April 14, 2024

Roxy Music – Manifesto

For some reason, my Roxy Music collection stops (or stopped) at Country Life. I felt they had peaked in their first three albums, even though Country Life is largely regarded by many as their best, I prefer the quirkiness and innovation of the first three.

It was only when I heard Trash from Manifesto on BBC 6 Music the other day did I think that maybe I had got it wrong. I didn’t even realise it was Roxy Music at first, it sounded more like a late 70s Mod Revival band, which is what piqued my interest in the first place, but it struck me as a track that had all the qualities I liked so much in their earlier music.

So, does the rest of the album match up?

I’m going to try a different, much more compact review system going forward, a bit more structured and less wordy, reserving the more lengthy posts for ‘deep dives’ into an album or band. So I’ll start with this one.

The album has elements of all the best of early Roxy Music, but never quite captures the same brilliance. Manifesto starts well, the intro is appealing, but it quickly fails to live up to the promise. A fairly tame, middle-of-the-roader really. Not the phrase you would normally associate with 1970s Bryan Ferry. Listening through again I can’t emphasise enough how much Trash sounds like the Mod Revival records of this era. I can’t help but think Ferry was somehow influenced, maybe even a fan? Angel Eyes is helped along with a large splash of nostalgia – time has been kind to it but it’s very difficult to separate quality from time. Still Falls The Rain tries hard to capture the vocal idiosyncrasies the band are famous for, and it almost succeeds. After this, the album loses its way. It sounds more like a jam session at times with no coherency and you kind of switch off. Even worse when Dance Away comes on, you actively stop listening then. Not even nostalgia can rescue that one. There is enough here for Roxy Music fans, including me, to enjoy parts of this LP, but it doesn’t have that obsessive, lasting appeal that their ealier albums have. I am so much more a consumer of albums rather than singles, I much prefer the longer art form and the stories they can tell, but there isn’t really a story running through Manifesto. I will make an exception and add Trash to my playlist and pretty much forget the rest.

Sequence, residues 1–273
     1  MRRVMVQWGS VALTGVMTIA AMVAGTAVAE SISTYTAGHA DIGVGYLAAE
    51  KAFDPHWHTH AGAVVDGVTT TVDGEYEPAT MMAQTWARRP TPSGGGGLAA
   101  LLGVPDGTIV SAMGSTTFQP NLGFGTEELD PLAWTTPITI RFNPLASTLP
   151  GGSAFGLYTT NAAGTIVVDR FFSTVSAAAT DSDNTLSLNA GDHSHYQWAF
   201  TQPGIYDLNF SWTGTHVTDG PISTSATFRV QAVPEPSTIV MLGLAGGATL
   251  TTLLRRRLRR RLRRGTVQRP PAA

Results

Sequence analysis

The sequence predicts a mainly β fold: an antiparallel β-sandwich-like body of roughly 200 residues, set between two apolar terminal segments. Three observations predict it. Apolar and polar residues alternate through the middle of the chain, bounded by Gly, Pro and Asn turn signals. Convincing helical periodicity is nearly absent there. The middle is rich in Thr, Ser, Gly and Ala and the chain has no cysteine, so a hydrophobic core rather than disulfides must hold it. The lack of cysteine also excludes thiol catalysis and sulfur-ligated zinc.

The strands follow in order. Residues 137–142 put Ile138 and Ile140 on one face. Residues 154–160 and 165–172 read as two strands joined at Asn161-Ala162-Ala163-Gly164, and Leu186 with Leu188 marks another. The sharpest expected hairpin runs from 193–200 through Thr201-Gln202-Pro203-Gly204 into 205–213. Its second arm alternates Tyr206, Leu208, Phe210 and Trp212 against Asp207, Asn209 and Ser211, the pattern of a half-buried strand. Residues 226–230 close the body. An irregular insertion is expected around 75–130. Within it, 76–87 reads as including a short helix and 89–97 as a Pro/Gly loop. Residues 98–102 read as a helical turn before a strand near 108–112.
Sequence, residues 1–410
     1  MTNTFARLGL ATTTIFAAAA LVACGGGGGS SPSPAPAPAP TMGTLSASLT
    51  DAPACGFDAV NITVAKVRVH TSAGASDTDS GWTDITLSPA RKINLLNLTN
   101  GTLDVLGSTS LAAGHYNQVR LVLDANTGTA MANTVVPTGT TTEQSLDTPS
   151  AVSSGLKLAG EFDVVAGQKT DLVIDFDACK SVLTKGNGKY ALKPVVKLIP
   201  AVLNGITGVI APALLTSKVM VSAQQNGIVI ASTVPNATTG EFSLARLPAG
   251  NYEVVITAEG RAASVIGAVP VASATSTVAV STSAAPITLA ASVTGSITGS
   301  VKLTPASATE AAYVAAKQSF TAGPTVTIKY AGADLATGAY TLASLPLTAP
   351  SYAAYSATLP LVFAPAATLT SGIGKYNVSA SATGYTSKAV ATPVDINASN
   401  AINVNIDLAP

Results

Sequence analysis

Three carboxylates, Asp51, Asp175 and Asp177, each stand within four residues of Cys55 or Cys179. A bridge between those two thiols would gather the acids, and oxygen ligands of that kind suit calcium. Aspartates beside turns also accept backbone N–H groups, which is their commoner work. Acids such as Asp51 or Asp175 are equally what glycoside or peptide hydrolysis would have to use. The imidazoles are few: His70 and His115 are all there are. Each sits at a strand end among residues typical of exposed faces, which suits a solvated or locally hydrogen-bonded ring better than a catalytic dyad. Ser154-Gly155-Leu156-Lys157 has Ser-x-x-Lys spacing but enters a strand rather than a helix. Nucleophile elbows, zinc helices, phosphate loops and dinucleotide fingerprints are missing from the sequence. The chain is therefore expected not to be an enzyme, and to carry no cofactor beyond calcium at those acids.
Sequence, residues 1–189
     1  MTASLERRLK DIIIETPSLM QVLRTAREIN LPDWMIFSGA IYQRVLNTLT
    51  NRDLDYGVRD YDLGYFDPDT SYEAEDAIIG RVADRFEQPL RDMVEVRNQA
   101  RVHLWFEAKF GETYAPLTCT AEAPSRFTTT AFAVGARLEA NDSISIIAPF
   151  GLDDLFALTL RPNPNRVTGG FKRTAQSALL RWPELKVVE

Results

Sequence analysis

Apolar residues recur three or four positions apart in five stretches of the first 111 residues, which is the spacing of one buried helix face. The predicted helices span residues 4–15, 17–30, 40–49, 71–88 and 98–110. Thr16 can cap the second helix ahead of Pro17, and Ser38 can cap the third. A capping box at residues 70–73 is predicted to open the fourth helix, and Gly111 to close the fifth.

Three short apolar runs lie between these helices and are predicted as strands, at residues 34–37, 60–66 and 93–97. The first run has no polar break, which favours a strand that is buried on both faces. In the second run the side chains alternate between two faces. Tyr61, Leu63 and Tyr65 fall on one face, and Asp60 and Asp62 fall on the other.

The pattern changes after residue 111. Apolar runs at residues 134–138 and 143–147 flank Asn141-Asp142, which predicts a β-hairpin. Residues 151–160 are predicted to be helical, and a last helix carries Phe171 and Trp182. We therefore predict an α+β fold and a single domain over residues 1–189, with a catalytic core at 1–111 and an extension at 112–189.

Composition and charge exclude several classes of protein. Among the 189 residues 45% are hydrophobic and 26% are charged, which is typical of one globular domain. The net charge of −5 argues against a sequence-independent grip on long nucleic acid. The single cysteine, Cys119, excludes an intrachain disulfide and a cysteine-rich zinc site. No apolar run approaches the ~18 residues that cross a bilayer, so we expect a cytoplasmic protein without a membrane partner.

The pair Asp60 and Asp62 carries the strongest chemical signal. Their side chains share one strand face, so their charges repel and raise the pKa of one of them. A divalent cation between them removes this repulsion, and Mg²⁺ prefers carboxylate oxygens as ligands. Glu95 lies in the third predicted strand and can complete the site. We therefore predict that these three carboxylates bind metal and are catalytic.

At least now I know why my collection stopped at Country Life.

Year1979
LabelEG (UK) Polydor (EU) Atco (US)
Must ListenTrash
Don’t Bother WithDance Away
Best Music Press Quote“The new record is a lovely footnote, but it can lead nowhere.” rolling stone magazine

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